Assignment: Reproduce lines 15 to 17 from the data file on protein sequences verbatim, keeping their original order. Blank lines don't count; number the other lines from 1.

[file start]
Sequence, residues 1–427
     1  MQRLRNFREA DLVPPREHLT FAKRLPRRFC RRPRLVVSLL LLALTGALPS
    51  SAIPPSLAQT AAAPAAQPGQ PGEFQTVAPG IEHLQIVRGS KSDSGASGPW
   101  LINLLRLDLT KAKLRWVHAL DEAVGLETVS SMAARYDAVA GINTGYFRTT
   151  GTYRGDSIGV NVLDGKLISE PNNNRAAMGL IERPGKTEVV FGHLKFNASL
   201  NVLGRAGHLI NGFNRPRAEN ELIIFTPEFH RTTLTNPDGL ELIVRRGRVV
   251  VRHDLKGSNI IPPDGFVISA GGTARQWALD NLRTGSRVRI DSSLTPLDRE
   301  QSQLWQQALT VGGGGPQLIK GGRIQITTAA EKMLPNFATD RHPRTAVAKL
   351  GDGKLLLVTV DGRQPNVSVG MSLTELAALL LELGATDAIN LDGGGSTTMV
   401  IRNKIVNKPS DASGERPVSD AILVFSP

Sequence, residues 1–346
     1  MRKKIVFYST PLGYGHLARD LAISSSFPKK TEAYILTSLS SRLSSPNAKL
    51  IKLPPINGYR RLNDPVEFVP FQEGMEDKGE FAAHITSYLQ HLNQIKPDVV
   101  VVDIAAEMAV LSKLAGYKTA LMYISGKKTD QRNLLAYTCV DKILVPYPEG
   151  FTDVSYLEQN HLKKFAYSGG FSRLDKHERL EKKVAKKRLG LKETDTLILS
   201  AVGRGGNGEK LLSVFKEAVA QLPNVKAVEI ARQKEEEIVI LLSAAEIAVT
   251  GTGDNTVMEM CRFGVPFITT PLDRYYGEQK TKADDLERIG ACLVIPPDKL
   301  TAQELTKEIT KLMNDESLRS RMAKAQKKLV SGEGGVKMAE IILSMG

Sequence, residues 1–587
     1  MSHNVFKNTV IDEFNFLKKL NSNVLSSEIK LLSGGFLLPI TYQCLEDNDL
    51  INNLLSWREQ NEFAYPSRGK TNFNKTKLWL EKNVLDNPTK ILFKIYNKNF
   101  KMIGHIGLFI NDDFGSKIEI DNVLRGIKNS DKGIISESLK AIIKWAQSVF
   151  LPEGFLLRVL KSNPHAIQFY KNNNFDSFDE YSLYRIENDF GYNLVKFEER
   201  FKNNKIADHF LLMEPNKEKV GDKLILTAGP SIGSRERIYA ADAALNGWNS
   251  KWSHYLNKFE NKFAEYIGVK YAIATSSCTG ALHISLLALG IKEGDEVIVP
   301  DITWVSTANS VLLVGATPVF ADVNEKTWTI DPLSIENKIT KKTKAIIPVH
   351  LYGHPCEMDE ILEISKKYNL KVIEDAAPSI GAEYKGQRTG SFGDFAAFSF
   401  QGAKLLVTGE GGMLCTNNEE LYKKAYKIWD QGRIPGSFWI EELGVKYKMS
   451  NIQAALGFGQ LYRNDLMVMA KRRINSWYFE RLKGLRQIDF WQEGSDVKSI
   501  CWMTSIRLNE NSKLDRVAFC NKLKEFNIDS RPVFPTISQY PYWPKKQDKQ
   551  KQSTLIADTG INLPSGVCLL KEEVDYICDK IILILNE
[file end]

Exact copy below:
   151  FTDVSYLEQN HLKKFAYSGG FSRLDKHERL EKKVAKKRLG LKETDTLILS
   201  AVGRGGNGEK LLSVFKEAVA QLPNVKAVEI ARQKEEEIVI LLSAAEIAVT
   251  GTGDNTVMEM CRFGVPFITT PLDRYYGEQK TKADDLERIG ACLVIPPDKL